Also, just in case, you should be carrying plugs on the boat that you can jam into a thru hull that breaks and starts to sink your boat.
Thanks for the links to those articles - a very good read!!
 
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Jan 19, 2019
65
Oday 27 Hudson, Wisconsin
Looks to me like you have 4 good reasons to make sure your through hulls are good.

You say PVC... I hear PLASTIC.
Here are some great articles by a very highly respected Marine Electrical Engineer.
If you feel you are not sure about the condition of your sea cocks and thru hulls I encourage you to get them inspected by a marine engineer.

Also, just in case, you should be carrying plugs on the boat that you can jam into a thru hull that breaks and starts to sink your boat.

Ok, reading a bit more I see this: IMPORTANT: If your vessel lacks the skin-thickness for through-bolting and countersinking the heads do not through bolt! Some boats do not have thick enough hulls for this!

I don't actually know my hull thickness yet - I can measure with calipers when I'm taking off the old thru hulls - but now I don't know what is "thick enough" to through bolt yet.... Is there a magic number for thickness to say yay or nay to through bolting (and I apologize if I missed this number in the article)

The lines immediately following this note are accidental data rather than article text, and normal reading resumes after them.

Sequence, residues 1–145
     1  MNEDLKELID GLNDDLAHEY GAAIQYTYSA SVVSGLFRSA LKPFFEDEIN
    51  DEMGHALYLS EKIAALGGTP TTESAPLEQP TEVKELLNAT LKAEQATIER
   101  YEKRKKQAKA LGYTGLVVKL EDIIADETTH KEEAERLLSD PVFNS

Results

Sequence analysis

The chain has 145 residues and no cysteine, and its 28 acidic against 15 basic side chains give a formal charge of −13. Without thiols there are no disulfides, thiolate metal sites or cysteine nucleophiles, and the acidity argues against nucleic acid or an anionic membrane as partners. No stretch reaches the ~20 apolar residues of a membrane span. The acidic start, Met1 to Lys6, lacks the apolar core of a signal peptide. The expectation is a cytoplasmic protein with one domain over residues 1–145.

Jun 11, 2004
1,220
Oday 31 Redondo Beach
We just got a Newport 27 this year, and reading the Newport 27 article, it has me wondering about upgrading the through hulls (original PVC ones are still on board and functioning)
Has anyone done this? Is it truly a "must do"? Just wondering if anyone has had any issues....

Thanks!!
The linked article says "All through-hulls are bronze, but they're fitted with PVC gate valves." "Installing a modern traveler should join replacing the PVC through-hull valves at the top of any improvements list. "

So if the bronze thru hulls are in okay shape and not leaking maybe you just need to replace the PVC valves and not the thru hulls. In my opinion you should certainly at least replace any PVC components.

What kind of backing plates, if any, are on the thru hull fittings?
 
Jan 19, 2019
65
Oday 27 Hudson, Wisconsin